Is Limiting Population a Key Factor in Protecting the Global Environment

Topics: World population, Overpopulation, Green Revolution Pages: 7 (2214 words) Published: March 21, 2004

Population growth is one of the major environmental issues today. Some people argue, that rapidly growing population is not only problem and humans will not destroy life-support system on which we all depend. Contrary some argue that growing population is a key driver factor of environmental destruction. The purpose of this research project is to explain the main arguments of both sides and to recommend possible action in order to face with most important problems. Many countries see contradictory the problem of population growth. Those country with relatively low population growth but high rates of consumption said that the population is a main problem. On the other hand countries with low level of consumption but high birth rates said that the consumption is a main problem. This debate is one of the main issues in modern view of environment, so which policy we should apply? Should we try to reduce population growth or consumption, or perhaps both?

2.Human population History

According to Cunningham (2000) for a most of human history, population growth was very slow. Many studies of hunting and gathering societies show that the total world population wasn't more than a few million people before innovation of agriculture and the domestication of animals around 10,000 years ago. The bigger and more secure food supply results in human population to growth, reaching perhaps 50 million people (b.c). Moreover, some historical evidence and description suggest that only about 300 million people were living at the time of Christ. During the Middle Age, many diseases and wars held world population. The main reasons were lack of hygiene and life condition and as consequence made human life short and uncertain. During the most destructive disease, plaque that took many lives between 1348 and 1350, it is estimated that at least one-third of European population perished. At the end of last great plague, there ware about 600 million people on the earth. After 1600 human population increase rapidly and in 1800 reach one billion. It took a century and a half more to reach the 1950 figure of 2.5 billion. But in a post World War II period the populations was doubled in less than forty years, and exceed 5 billion. By the year 2000 world population had passed six billion. Today we are facing with a human population explosion, in other words every second approximately four or five children are born somewhere on the earth and in the same second two other people die. This means that we have increasing by an average of 250,000 in human population per day, which is equivalent of another Switzerland every 30 days, and a new China every 30 years.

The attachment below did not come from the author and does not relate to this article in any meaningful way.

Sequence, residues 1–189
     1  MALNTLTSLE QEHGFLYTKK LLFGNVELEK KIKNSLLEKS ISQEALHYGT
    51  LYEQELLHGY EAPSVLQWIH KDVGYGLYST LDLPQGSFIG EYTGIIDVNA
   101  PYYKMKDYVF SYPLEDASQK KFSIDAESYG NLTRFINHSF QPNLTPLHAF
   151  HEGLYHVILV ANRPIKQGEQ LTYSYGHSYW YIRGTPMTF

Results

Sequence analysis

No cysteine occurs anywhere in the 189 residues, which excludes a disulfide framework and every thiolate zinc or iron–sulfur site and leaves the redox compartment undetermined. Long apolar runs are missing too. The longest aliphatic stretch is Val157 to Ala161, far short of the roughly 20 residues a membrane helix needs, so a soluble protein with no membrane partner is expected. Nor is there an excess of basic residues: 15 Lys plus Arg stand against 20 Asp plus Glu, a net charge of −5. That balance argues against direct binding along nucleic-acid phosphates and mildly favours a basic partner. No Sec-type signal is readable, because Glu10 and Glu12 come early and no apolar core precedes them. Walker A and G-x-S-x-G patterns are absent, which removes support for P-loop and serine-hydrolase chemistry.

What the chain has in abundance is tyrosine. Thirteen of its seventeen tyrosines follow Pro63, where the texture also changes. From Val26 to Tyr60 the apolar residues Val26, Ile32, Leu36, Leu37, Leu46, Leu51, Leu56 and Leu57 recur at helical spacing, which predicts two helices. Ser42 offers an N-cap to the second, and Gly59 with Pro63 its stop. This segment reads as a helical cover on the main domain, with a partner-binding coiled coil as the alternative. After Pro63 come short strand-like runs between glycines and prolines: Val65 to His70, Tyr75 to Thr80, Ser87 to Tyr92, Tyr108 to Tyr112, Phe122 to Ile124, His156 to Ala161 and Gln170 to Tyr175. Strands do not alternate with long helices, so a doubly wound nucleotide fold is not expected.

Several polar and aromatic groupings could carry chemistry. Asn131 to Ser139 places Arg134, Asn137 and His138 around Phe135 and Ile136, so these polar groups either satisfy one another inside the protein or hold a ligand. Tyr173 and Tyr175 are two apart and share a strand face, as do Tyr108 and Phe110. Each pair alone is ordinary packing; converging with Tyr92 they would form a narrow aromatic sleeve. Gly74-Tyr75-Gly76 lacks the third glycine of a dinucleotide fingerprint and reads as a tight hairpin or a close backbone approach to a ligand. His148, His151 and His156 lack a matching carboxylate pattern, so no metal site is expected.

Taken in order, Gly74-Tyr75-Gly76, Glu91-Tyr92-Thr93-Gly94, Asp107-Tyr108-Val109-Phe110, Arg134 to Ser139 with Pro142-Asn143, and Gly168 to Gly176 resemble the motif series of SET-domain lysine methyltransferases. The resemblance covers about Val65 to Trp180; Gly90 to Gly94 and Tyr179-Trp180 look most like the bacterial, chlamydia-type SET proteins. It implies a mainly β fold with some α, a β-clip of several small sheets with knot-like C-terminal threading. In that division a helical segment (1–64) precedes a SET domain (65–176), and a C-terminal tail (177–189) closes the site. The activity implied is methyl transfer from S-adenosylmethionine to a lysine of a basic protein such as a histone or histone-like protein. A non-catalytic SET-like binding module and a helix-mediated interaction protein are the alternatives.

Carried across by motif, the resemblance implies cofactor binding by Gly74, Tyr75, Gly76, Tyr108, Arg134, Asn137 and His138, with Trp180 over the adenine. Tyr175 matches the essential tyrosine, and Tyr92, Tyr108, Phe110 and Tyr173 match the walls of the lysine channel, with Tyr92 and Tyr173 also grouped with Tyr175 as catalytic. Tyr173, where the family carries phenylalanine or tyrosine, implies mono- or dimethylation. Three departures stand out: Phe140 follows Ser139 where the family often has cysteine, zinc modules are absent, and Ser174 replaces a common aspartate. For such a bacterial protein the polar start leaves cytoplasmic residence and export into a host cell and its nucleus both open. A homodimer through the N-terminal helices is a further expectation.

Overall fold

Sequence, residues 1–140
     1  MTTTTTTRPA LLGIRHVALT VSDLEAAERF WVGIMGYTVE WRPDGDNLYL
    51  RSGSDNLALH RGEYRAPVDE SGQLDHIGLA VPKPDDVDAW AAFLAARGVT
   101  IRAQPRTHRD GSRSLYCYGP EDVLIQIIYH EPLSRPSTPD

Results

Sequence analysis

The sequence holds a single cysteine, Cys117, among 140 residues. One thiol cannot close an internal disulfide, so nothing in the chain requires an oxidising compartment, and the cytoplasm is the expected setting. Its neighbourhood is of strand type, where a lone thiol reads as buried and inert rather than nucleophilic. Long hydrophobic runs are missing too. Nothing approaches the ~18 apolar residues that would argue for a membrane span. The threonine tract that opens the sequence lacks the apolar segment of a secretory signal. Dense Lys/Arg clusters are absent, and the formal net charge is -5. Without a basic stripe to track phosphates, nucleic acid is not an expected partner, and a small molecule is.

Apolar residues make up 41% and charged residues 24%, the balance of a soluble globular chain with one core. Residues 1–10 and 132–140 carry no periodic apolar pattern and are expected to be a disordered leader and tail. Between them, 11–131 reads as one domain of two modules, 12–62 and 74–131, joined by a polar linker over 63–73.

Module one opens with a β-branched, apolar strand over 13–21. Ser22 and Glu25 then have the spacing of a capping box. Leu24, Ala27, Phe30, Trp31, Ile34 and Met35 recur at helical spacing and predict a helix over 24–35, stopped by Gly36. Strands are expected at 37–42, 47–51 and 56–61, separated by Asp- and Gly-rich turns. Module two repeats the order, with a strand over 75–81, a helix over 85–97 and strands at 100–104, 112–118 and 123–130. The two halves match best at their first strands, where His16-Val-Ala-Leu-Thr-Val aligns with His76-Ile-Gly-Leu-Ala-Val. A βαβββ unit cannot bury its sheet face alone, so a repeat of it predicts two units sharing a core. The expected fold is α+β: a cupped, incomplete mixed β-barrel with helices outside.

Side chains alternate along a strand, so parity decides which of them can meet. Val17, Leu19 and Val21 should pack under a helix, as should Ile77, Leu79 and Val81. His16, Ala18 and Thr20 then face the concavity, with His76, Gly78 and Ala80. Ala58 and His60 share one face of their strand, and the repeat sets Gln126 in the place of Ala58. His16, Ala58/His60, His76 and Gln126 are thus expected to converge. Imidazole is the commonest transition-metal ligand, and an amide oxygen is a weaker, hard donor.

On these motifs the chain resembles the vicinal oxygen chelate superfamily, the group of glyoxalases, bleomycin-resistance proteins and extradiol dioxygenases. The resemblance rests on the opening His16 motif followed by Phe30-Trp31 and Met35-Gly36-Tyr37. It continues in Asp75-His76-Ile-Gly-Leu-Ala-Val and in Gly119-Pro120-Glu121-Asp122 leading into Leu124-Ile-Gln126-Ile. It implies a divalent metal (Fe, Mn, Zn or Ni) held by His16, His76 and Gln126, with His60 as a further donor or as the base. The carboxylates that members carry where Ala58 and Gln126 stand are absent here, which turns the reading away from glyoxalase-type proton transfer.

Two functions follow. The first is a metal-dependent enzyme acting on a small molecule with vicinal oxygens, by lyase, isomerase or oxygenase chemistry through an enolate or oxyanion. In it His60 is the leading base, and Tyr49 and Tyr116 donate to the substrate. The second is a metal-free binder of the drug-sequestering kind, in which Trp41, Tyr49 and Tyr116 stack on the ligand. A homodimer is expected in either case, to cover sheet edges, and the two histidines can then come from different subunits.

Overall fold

When we discussed population growth we must consider that 90% of the projected growth come from undeveloped or currently developed nations of Asia, Africa and Latin America. In these developing countries there are a number of socio-economic realities that lead women to have more children. In economies that depend on family or communal agriculture, children are an economic assets: they provide a valuable labour and the cost of rising them are very low. Many communities around the world still have limited access on adequate health care facilities, which often result in a high infant mortality rates and low life expectancy. When family lose, on average one in tree or four children they usually chose to have as many as it possible in order to maximize the number of children that will survive. On the other hand in developed countries where there are fewer educational and carrier opportunities, there tends to be earlier marriage and child - bearing. In some countries woman often start having babies when they are 15 years old, which result in more children per couple

3. Limiting population as a central strategy in protecting environment

The debate about whether human population growth is a fundamental cause...

References: Aaron org. (1999) Population Growth and Sprawl. [On line] Available from: Accessed: 17.11.2002
AESP, December 2000 Population: The neglected Element in the Greenhouse Debate [On line] Available from: Accessed: 15.11.2002
Cunningham and Saigo, Environmental Science, Global Concern, McGraw Hull, 7th edition, 2002 p. 137-158
Harris M. J. (2001) Population and Environment. [on line] Available from: Accessed: 17.11.2002.
Goldford D.T. Taking sides: Clashing views on controversial Environmental issues, Dushkin/McGraw-Hill, 8th edition, 1999.
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